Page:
1. AA2's reference, below, to Mr. Robbins' departure “this week”; the docketing of “Dec 1782”; and AA's entrusting Robbins with a letter to JA on 10 Jan. 1783, below, all point to the last Thursday in December, the 26th. But AA2's statement, also below, that she intended to visit the Warrens at Milton “next week”; her statements, in an undated Jan. 1783 letter to Elizabeth Cranch, written on a Saturday from Milton, below, that she had been there for one week, and that Mr. Robbins “is going to sail for France next fryday”; and AA's statement in her 10 Jan. letter to JA, that AA2 was then at home, suggest a date for this letter of 19 Dec.; and for AA's letter from Milton the date of 4 Jan. 1783, where the editors have placed it.
2. AA2 probably refers to Mary Cranch Palmer, Richard Cranch's sister; she lived with her husband, Gen. Joseph Palmer, and two daughters, Mary and Elizabeth, in Braintree's Germantown section. AA2 describes Mrs. Palmer's ailments in her [ca. 22 Dec. 1782] letter to Elizabeth Cranch, below. The Palmers are fully identified in vol. 1:18, note 8.
3. The editors have not deciphered this reference. It could refer to some journal or occasional account that AA2 was keeping. Her first known journal covered the period Aug. 1784–Nov. 1787, and is often cited below.
4. Elizabeth Palmer; the editors have punctuated the quotation.
5. Not found. No letters from Elizabeth Cranch to AA2 are extant. Many of the letters inherited from AA2 by her daughter, Caroline Amelia Smith de Windt were probably destroyed in the fire that consumed the family home at Fishkill, N.Y. in 1862, some years after Mrs. de Windt's death. See vol. 1:xxx and note 22.
6. The youth who had allegedly turned Elizabeth Cranch's head has not been identified. He could have been Henry Warren, son of James and Mercy Warren, whom Betsy had recently visited in Milton, or some youth in Boston, where she was currently visiting (see AA2 to Elizabeth Cranch, [9 Nov.], above, and [ca. 22 Dec.], below). He could also have been any one of a number of Braintree youths, perhaps even Royall Tyler Jr., who boarded with the Cranches, and whom AA saw as courting AA2 (AA to JA, 23 Dec., below). It is worth noting here that in the very month that AA writes to JA about AA2's growing attraction to Tyler, AA2 writes only of her cousin's supposed affair of the heart.
7. In Jan. 1781, Gen. James Warren had bought the late Gov. Thomas Hutchinson's country home on Milton (or Neponset) Hill, and the Warrens spent much time there until 1788, when they returned permanently to Plymouth.
8. The youngest daughter of Col. Josiah Quincy, just Elizabeth Cranch's age (vol. 2:48, note 5); and Charles Storer's sister Mary (Storer to AA, 17 Oct., note 4, above).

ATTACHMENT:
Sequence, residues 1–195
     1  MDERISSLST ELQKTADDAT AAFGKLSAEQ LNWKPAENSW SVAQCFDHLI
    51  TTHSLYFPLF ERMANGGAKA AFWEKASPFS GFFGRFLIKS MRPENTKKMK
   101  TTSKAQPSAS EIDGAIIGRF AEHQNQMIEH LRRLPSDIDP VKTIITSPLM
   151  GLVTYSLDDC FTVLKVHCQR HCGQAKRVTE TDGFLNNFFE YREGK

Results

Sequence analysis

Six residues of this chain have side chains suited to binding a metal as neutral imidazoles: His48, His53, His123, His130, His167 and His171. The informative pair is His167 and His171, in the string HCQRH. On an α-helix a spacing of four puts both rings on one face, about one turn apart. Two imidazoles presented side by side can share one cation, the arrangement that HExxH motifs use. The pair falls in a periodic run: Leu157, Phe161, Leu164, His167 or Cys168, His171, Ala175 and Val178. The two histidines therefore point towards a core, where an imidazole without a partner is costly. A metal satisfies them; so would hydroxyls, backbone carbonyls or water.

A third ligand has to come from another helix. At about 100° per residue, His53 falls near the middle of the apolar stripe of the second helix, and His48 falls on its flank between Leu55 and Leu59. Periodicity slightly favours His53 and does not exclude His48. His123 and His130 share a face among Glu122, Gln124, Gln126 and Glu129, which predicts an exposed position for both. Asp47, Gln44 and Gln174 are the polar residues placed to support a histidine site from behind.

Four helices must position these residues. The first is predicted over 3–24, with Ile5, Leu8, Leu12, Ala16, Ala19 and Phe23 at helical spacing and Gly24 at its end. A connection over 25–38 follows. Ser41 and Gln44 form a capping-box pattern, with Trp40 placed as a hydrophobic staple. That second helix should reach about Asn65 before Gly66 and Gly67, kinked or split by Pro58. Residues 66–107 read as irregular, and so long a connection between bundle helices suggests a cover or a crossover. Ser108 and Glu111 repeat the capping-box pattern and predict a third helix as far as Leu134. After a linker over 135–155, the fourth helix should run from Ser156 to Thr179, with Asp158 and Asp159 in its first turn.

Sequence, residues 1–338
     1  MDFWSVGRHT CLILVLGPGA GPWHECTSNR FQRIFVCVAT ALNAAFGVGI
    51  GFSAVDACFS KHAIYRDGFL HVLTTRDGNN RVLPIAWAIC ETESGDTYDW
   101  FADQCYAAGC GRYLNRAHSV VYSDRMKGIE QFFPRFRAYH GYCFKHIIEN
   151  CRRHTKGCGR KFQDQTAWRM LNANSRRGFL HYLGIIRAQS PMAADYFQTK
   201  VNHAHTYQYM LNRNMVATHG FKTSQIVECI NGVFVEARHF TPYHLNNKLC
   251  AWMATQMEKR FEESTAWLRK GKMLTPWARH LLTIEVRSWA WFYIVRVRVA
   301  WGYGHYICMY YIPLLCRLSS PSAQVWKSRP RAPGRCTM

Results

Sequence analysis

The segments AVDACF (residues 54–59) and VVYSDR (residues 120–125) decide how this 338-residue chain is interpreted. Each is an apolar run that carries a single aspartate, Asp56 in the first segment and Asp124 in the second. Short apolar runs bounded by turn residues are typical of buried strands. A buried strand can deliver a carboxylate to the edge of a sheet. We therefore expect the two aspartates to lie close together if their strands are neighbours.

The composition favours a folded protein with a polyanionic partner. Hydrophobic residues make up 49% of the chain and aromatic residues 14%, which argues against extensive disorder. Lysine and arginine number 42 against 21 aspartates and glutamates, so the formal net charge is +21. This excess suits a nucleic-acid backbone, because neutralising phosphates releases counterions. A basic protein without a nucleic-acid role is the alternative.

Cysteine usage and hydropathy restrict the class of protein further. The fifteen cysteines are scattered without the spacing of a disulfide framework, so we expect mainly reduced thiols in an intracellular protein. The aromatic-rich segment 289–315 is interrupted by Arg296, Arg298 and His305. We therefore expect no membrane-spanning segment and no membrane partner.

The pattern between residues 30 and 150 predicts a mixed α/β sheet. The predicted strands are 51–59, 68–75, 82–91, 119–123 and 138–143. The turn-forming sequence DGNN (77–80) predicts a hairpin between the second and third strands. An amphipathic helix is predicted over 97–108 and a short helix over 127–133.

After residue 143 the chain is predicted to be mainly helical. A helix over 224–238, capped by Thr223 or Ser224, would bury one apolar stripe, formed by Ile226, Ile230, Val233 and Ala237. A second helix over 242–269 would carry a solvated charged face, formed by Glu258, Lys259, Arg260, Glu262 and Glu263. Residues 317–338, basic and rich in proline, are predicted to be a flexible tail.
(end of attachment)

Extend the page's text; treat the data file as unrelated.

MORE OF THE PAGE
Docno: ADMS-04-05-02-0029

Author: Adams, Abigail (daughter of JA and AA)
Recipient: Cranch, Elizabeth
Recipient: Norton, Elizabeth Cranch
Date: 1782-12-22

Abigail Adams 2d to Elizabeth Cranch

Yesterday my Dear Eliza I returned from G[ermantown] and this morning, it being our usual post day, I received your letter2 and take the earlyest opportunity to acknowledge and answer it. Your late excursion <to Boston> has given you spirits. I was not conscious that my letter breathed more of friendship, or of Love, than usual, the most reasonable construction I can put upon, this curious rant of yours, is, that your own feelings are so greatly influenced by this said { 52 } soft awakening passion, that in your eyes, all your acquaintance are in the same net with yourself. O Betsy I who have thus defended you in this matter am now inclined to believe I have been deceived.3 Your usual susceptibility and softness of disposition, has led me to believe, that you only esteemed, where I now am fully convinced you love. Ah my Dear your letter <convinces> confesses, that a spark is struck, and against all your efforts it will kindle, and soon, too soon, for your peace of mind, it will burst forth into a flame. And then my Dear should it not be returned, O Dreadfull thought will you anticipate it.
Upon my word I think you have paid this said gentleman a most extravegant compliment, were he to hear it he might be more than obliged to you. Fortune and Beauty to have aney weight in a good mind, O Eliza this seems but an evasion, if it is meant as more, I should suppose your late excursion to, that detestable town has affected your sentiments. I would not by aney means have you give place, to those romantick sentiments of Love that you talk about, they are very daingerous I am told. I would advise you to consult, prudence, discretion, reason caution and all the discretionary powers, that ever influenced wisdom, or indifferance—ere you harbour aney other ideas than those of meere cold indifferent esteem.
You was never more extravegantly mistaken, my friend. Your Amelia is the same cold indifferent Girl she ever was, she knows not the person on earth that she could talk or write <about> so romantickly upon. I'll certainly become your pupill, do indeavour to diffuse into me a little of your susceptibility. I long to be in Love, it must be a strang feeling, seems to me.